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Recalled early life adversity and pain: the role of mood, sleep, optimism, and control

Overview of attention for article published in Journal of Behavioral Medicine, February 2018
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About this Attention Score

  • In the top 5% of all research outputs scored by Altmetric
  • Among the highest-scoring outputs from this source (#43 of 814)
  • High Attention Score compared to outputs of the same age (93rd percentile)
  • High Attention Score compared to outputs of the same age and source (85th percentile)

Mentioned by

news
4 news outlets
blogs
1 blog
twitter
6 tweeters

Citations

dimensions_citation
2 Dimensions

Readers on

mendeley
12 Mendeley
Title
Recalled early life adversity and pain: the role of mood, sleep, optimism, and control
Published in
Journal of Behavioral Medicine, February 2018
DOI 10.1007/s10865-018-9917-8
Pubmed ID
Authors

Ambika Mathur, Jennifer E. Graham-Engeland, Danica C. Slavish, Joshua M. Smyth, Richard B. Lipton, Mindy J. Katz, Martin J. Sliwinski

Abstract

Early life adversity (ELA) has been associated with pain symptomatology in adulthood, but mechanisms and moderators of these associations are unclear. Using recall based and concurrently assessed self-report data, we examined associations between ELA, mood, sleep, and recent pain intensity and interference, and whether optimism and perceived control weakened these associations in a midlife community sample of diverse adults reporting some ELA. Controlling for demographic variables and BMI, higher levels of ELA were associated with more pain intensity and interference; greater sleep disturbance and negative mood accounted for these associations. When moderation was examined, only the path from sleep disturbance to pain interference was significantly attenuated for those with higher optimism and higher perceived control. These findings suggest that higher levels of ELA may link with pain in adulthood through poorer mood and sleep, and that resilience resources such as optimism and control may buffer some of these pathways.

Twitter Demographics

The data shown below were collected from the profiles of 6 tweeters who shared this research output. Click here to find out more about how the information was compiled.

Mendeley readers

The data shown below were compiled from readership statistics for 12 Mendeley readers of this research output. Click here to see the associated Mendeley record.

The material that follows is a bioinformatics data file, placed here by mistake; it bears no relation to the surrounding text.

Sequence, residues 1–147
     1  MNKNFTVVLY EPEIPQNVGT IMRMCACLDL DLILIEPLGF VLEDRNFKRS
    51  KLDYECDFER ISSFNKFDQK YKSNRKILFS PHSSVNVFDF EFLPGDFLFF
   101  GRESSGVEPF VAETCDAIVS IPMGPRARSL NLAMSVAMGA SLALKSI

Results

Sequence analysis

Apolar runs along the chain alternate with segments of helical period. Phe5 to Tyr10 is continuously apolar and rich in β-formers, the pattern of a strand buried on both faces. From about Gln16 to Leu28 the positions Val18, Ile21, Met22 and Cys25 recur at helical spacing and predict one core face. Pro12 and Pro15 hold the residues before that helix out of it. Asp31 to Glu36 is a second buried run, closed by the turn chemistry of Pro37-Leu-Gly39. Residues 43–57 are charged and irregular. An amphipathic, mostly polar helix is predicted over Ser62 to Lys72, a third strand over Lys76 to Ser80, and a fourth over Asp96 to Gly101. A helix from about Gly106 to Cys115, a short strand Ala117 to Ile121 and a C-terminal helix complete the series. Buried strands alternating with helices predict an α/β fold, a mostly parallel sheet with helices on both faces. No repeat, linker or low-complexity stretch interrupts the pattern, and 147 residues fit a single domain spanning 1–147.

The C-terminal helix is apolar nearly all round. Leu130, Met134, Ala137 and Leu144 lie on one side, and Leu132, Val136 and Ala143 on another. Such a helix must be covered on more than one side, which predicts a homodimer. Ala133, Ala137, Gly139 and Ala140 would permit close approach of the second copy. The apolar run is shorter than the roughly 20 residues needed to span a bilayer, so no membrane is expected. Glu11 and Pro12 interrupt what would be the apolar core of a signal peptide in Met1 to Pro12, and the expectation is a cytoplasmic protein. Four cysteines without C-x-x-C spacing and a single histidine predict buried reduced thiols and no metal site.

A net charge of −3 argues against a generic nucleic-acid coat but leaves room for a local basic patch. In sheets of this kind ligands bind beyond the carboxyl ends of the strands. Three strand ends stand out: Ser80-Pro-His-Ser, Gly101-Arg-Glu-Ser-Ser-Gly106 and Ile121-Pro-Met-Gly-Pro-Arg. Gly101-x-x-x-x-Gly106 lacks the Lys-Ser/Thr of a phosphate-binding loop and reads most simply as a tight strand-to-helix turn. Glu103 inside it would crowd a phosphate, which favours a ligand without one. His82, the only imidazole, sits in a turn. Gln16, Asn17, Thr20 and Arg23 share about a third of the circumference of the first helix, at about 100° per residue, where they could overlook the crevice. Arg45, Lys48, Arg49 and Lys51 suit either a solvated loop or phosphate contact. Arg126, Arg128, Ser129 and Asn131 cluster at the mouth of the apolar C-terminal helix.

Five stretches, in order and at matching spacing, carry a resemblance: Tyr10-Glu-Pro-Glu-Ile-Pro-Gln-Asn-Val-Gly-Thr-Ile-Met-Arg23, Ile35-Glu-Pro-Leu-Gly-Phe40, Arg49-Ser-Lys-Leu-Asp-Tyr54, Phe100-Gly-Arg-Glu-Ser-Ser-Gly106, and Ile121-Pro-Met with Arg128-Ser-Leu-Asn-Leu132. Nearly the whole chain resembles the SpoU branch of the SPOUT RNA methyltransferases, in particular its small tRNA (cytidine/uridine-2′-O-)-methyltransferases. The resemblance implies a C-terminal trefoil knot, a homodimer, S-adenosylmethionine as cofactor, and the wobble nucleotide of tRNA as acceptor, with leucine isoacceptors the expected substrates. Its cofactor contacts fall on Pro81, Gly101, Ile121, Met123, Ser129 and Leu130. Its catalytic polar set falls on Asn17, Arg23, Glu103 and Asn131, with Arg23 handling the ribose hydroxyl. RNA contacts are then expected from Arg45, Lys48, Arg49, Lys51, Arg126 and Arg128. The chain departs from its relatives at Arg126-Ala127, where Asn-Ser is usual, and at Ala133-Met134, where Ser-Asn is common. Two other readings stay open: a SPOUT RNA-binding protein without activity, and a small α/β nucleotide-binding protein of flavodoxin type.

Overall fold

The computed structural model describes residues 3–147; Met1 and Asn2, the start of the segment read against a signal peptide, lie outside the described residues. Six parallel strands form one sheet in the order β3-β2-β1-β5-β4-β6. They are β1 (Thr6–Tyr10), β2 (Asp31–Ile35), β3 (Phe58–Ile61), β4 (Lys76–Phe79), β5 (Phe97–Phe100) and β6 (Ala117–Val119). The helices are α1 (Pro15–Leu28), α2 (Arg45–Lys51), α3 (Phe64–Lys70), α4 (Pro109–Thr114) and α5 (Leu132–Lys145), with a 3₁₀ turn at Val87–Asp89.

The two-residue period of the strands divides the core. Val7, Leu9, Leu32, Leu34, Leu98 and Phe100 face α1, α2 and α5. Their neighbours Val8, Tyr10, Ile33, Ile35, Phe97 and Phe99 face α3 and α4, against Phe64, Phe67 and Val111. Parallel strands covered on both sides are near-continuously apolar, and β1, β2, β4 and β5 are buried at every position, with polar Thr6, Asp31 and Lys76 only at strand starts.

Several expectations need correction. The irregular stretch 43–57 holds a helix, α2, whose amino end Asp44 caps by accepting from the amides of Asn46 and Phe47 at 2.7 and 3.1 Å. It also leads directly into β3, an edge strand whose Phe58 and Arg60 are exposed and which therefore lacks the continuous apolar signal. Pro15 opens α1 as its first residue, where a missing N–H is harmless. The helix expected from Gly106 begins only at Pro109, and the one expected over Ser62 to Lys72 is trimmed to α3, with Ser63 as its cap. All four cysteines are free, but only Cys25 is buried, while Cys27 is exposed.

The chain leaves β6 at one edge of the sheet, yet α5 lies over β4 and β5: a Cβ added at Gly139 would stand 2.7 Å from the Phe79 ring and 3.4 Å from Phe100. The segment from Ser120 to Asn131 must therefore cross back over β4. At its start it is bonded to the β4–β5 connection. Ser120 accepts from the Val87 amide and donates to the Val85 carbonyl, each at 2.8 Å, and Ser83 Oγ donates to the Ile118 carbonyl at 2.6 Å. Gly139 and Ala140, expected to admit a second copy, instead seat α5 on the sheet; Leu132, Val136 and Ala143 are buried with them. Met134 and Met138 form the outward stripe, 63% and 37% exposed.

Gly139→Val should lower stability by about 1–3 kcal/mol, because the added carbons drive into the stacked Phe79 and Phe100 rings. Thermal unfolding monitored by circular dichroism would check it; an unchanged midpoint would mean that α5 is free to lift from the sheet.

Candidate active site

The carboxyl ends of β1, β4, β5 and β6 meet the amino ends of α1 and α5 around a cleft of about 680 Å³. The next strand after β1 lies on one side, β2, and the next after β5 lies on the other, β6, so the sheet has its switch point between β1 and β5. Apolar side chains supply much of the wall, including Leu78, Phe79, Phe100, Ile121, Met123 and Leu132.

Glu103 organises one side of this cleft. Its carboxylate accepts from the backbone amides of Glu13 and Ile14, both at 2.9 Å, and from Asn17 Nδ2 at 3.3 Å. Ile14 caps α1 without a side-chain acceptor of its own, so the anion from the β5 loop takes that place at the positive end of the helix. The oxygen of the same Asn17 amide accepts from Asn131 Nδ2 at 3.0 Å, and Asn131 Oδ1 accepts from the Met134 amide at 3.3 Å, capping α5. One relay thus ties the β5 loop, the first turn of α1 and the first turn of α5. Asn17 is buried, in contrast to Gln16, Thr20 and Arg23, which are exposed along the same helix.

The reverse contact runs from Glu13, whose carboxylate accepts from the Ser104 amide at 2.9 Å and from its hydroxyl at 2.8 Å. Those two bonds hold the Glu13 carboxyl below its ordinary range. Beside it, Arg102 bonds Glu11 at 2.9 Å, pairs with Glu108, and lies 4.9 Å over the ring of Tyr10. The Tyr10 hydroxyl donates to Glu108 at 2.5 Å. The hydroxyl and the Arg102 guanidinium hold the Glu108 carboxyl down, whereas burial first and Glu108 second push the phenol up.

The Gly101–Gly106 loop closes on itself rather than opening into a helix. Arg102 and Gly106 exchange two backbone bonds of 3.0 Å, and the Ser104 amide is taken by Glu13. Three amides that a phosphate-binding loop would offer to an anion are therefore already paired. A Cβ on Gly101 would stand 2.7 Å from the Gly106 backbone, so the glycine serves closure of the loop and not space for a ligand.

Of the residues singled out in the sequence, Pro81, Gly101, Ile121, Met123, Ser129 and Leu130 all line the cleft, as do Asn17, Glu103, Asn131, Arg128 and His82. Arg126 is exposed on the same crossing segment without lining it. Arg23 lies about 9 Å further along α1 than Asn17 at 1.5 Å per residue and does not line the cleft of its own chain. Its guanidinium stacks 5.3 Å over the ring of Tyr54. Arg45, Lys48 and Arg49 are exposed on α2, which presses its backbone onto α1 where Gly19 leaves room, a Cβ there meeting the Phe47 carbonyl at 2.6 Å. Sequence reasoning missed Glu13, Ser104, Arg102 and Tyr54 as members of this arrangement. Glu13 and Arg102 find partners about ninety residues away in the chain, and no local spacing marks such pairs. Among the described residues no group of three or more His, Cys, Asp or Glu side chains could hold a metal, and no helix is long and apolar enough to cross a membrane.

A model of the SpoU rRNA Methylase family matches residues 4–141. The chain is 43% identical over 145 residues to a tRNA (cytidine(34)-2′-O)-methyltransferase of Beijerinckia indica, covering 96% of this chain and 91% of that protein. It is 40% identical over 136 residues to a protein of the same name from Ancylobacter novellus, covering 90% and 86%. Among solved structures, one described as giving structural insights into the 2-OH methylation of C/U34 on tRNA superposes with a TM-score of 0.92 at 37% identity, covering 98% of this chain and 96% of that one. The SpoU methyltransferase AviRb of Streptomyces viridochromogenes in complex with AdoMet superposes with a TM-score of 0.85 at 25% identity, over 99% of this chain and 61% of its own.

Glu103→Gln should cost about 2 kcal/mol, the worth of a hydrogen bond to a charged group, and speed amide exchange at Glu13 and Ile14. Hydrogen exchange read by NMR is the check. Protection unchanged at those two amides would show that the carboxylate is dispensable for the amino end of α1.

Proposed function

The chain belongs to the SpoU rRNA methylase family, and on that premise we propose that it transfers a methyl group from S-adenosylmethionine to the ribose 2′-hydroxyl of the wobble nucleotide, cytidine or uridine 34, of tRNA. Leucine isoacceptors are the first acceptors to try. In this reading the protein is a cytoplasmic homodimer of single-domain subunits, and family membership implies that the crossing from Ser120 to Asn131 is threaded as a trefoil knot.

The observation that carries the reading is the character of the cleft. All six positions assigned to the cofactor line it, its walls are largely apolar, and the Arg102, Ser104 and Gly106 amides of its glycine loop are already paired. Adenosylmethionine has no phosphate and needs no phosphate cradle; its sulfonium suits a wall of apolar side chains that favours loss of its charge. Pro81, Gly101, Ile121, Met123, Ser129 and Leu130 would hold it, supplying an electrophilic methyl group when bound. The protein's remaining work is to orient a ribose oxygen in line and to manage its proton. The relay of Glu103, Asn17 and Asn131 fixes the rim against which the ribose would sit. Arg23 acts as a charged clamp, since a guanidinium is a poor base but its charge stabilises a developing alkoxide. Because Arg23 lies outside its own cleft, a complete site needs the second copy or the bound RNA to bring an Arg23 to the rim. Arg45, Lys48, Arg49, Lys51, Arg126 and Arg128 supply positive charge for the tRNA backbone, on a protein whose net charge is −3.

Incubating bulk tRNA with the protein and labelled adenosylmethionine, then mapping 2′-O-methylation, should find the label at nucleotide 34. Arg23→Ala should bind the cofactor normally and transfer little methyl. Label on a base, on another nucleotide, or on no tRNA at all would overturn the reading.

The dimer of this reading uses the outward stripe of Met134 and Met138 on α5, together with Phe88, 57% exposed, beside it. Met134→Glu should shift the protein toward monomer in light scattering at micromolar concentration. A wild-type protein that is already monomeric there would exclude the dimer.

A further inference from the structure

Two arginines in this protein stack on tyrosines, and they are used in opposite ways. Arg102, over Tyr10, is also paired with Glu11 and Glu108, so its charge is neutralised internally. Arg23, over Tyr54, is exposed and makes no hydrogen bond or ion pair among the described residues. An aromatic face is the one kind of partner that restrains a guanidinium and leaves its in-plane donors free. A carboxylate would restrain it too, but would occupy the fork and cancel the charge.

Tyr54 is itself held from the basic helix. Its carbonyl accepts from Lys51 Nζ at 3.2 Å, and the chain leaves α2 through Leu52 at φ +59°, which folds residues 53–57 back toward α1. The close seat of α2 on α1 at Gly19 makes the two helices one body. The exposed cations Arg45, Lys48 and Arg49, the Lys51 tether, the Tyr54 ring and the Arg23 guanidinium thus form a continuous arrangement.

Geographical breakdown

Country Count As %
Unknown 12 100%

Demographic breakdown

Readers by professional status Count As %
Student > Ph. D. Student 3 25%
Unspecified 2 17%
Professor 2 17%
Student > Master 2 17%
Other 1 8%
Other 2 17%
Readers by discipline Count As %
Psychology 6 50%
Unspecified 3 25%
Agricultural and Biological Sciences 1 8%
Arts and Humanities 1 8%
Neuroscience 1 8%
Other 0 0%

Attention Score in Context

This research output has an Altmetric Attention Score of 42. This is our high-level measure of the quality and quantity of online attention that it has received. This Attention Score, as well as the ranking and number of research outputs shown below, was calculated when the research output was last mentioned on 15 May 2019.
All research outputs
#400,430
of 13,366,062 outputs
Outputs from Journal of Behavioral Medicine
#43
of 814 outputs
Outputs of similar age
#16,713
of 270,640 outputs
Outputs of similar age from Journal of Behavioral Medicine
#3
of 21 outputs
Altmetric has tracked 13,366,062 research outputs across all sources so far. Compared to these this one has done particularly well and is in the 97th percentile: it's in the top 5% of all research outputs ever tracked by Altmetric.
So far Altmetric has tracked 814 research outputs from this source. They typically receive a lot more attention than average, with a mean Attention Score of 10.1. This one has done particularly well, scoring higher than 94% of its peers.
Older research outputs will score higher simply because they've had more time to accumulate mentions. To account for age we can compare this Altmetric Attention Score to the 270,640 tracked outputs that were published within six weeks on either side of this one in any source. This one has done particularly well, scoring higher than 93% of its contemporaries.
We're also able to compare this research output to 21 others from the same source and published within six weeks on either side of this one. This one has done well, scoring higher than 85% of its contemporaries.